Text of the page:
I was feeling so conflicted yesterday. Just as my son, who loves basketball more than anything, was about to get on the bus for an away game, I received two messages from two different teachers that he had acted up in class. First thought in my mind was, “No way he is going to the game today.” When I was younger it was simple: If you didn’t do well in school then you were not allowed to go to practice or a game. No exceptions.
However, I gathered the courage to zoom out and thought to myself that for my son, basketball is his confidence builder in life, it’s where he shines. I didn’t say anything and let him go to the game. Later that evening when I picked him up from the bus he was the first kid off the bus and he had a huge smile on his face. He was so excited to tell me that he had hit the game winning shot. His inner happiness and pride were exploding outward. We held hands and walked home where he ate his favorite meal that I had prepared for him, a burger and fries, and then he went to sleep.
This morning when he woke up he was still feeling very happy and proud. I walked him to school. Just as he was about to walk through the gate, I held him and looked into his eyes. I said, “I want you to remember this forever. Players who make game winning shots do not act up in school.” He looked at me and said, “Ok, Abba. I love you,” and walked into school.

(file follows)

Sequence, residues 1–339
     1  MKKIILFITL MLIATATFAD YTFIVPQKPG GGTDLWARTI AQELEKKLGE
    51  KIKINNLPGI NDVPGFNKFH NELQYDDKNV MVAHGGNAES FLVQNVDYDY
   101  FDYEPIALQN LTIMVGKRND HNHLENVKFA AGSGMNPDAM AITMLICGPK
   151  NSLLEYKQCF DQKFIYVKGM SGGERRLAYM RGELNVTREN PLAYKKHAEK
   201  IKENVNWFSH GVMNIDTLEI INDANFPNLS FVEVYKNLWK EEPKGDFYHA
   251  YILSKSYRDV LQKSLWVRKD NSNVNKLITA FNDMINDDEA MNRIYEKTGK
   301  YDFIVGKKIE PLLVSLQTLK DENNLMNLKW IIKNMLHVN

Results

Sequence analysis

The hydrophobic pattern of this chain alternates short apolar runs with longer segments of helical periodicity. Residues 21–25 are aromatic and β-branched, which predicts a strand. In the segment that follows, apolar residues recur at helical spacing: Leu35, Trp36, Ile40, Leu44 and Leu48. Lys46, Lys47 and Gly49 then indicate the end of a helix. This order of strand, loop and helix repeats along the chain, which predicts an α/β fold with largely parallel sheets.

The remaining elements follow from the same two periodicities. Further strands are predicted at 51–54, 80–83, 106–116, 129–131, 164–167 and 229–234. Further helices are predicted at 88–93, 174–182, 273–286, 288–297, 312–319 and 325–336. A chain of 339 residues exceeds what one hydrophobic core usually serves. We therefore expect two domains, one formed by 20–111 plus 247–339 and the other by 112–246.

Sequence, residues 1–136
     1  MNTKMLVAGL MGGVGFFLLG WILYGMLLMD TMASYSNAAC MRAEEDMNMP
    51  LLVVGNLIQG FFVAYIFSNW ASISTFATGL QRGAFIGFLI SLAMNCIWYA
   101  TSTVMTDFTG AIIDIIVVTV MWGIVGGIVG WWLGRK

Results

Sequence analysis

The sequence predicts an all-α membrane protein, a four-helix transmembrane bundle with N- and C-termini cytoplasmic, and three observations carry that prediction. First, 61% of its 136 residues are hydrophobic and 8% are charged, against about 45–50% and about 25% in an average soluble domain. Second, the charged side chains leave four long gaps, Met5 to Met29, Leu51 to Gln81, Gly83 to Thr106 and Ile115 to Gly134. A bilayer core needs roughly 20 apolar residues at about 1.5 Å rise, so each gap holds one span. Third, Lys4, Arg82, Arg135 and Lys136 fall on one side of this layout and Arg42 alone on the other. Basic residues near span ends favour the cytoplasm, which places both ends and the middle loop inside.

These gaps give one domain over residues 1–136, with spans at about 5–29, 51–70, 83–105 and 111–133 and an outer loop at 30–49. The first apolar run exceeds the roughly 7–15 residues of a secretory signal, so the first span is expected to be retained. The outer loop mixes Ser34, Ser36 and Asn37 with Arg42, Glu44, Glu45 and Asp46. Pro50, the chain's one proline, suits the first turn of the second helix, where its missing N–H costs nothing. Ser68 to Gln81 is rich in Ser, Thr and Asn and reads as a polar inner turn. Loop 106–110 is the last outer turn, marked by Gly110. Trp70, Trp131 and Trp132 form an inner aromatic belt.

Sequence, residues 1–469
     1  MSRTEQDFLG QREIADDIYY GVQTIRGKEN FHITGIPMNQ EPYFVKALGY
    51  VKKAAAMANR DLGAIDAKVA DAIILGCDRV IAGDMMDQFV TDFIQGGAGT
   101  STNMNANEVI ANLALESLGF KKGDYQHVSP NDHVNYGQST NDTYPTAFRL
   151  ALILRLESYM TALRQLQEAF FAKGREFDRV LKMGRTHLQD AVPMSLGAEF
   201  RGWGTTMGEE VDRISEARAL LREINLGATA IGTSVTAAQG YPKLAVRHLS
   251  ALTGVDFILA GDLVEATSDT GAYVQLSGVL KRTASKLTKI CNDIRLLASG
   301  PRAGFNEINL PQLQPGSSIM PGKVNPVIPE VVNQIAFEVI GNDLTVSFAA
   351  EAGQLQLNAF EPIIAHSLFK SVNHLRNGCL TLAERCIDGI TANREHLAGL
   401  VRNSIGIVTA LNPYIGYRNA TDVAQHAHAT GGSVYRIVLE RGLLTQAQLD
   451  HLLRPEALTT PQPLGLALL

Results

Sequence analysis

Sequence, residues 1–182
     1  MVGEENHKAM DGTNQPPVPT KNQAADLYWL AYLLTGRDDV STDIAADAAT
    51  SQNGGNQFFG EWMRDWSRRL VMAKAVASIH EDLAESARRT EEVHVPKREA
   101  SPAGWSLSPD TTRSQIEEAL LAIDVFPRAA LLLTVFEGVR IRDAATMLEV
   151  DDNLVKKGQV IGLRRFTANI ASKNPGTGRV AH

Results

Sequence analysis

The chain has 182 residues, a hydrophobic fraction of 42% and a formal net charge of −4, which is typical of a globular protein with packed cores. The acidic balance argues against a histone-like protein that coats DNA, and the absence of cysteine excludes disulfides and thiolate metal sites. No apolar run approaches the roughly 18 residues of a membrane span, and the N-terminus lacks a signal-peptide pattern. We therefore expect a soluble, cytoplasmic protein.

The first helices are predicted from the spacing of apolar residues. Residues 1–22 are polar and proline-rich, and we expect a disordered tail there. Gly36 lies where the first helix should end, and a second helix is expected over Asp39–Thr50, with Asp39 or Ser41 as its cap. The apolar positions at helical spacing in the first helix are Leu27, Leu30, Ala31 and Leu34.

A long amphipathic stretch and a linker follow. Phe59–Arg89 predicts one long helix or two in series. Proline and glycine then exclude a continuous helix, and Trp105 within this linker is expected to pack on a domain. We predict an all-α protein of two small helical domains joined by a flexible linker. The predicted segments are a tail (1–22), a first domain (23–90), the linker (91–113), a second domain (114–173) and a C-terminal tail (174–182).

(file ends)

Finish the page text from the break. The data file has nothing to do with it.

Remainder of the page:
I’m pretty sure that if I would have just yelled at him about his misbehavior and prohibited from going to the game, the lesson would have lasted for only a couple minutes. However, after I left him at the gate this morning, I felt confident that he understood deeply that I was trying to educate him for his own best interest. He understood I only had his best interest in mind, and because he was at a level of consciousness where he was feeling good about himself, he was receptive to what I was saying.
As a parent, I want to teach him to make healthy and empowering changes and decisions when he is feeling good about himself, not when he is feeling down and out (which is not a true representation of our inner potential). Every child is different and every situation is different, of course, but I find that it is helpful to remember (especially when we or our child are struggling or feeling down and out) that there is always a part of us (and our children) that is pure, good, great, empowered and inspired and we should try to make decisions from that part of our soul, and also relate to and talk to that part of others’ souls.
I spoke to my son’s pure, untainted self from that same enlightened part of my own being, and the message was well received. I don’t think I will be hearing anything negative from his teachers today.
In that way, we and the people we interact with and care about will be able to live happier lives, be more resilient, and hit those game winning shots in life. Blessings to all.